The Aqua Alexandrina was a Roman aqueduct located in the city of Rome. The 22.4 km long aqueduct carried water from Pantano Borghese to the Baths of Alexander on the Campus Martius. It remained in use from the 3rd to the 8th century AD.
The aqueduct was constructed in AD 226 as the last of the eleven ancient aqueducts of Rome. It was built under the reign of Emperor Alexander Severus to supply his enlargement of the Thermae of Nero which were renamed Thermae Alexandrinae. The aqueduct was repaired for the first time in the era of Diocletian between the 3rd and 4th century, later between the 5th and 6th century and finally in the 8th century during the reign of Pope Adrian I.
The longest continuous above-ground stretch of the aqueduct runs through the district of Centocelle along Via dei Pioppi and Via degli Olmi. Monumental arches are looming above busy Viale Palmiro Togliatti north of Via Casilina. The road runs along the old ditch of Centocelle (Fosso di Centocelle) where the arches reached a height of 20–25 m. Formerly the crossing was an impressive feature of the Roman countryside but now it is totally surrounded by a densely built residential neighbourhood. The brick surface is very well preserved here contrary to the other sections were erosion affected it heavily.
A second longest visible stretch runs along Via dell'Acquedotto Alessandrino south of Via Casilina. The arches carried the aqueduct through a valley with the lowest point at the crossing of present-day Via Carlo Della Rocca. The ruins are surrounded by houses and a public park called Parco Giordano Sangalli. The arched stretch ends at the crossing with Via dia Torpignattara.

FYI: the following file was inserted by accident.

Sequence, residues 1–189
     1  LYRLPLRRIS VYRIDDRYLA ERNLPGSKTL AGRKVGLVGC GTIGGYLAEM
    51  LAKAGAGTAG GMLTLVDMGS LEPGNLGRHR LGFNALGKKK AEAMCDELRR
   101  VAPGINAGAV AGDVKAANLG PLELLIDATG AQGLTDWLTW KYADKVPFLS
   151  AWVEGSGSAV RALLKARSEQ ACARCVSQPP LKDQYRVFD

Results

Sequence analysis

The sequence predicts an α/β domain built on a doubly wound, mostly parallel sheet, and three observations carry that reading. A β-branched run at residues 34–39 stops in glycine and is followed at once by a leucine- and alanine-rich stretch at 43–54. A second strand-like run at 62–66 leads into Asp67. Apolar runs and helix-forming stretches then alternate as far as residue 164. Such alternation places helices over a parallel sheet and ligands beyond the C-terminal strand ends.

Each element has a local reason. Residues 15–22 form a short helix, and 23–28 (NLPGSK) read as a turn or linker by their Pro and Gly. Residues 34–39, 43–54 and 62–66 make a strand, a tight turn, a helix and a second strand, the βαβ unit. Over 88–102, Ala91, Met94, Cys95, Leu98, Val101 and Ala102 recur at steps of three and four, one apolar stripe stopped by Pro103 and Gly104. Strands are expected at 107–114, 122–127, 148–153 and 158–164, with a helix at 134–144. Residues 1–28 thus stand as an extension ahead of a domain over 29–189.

It is possible to follow the aqueduct from Centocelle towards Pantano Borghese through open fields and scattered farmsteads until the Grande Raccordo Anulare, the great ring road of Rome. There are significantly lower arched stretches at the crossing points of ditches and hollows for example behind the Tor Tre Teste housing estate where a public park was established around the ruins.References:
First record of Kastelholma (or Kastelholm) castle is from the year 1388 in the contract of Queen Margaret I of Denmark, where a large portion of the inheritance of Bo Jonsson Grip was given to the queen. The heyday of the castle was in the 15th and 16th centuries when it was administrated by Danish and Swedish kings and stewards of the realms. Kastelhoma was expanded and enhanced several times.
In the end of 16th century castle was owned by the previous queen Catherine Jagellon (Stenbock), an enemy of the King of Sweden Eric XIV. King Eric conquered Kastelholma in 1599 and all defending officers were taken to Turku and executed. The castle was damaged under the siege and it took 30 years to renovate it.
In 1634 Åland was joined with the County of Åbo and Björneborg and Kastelholma lost its administrative status.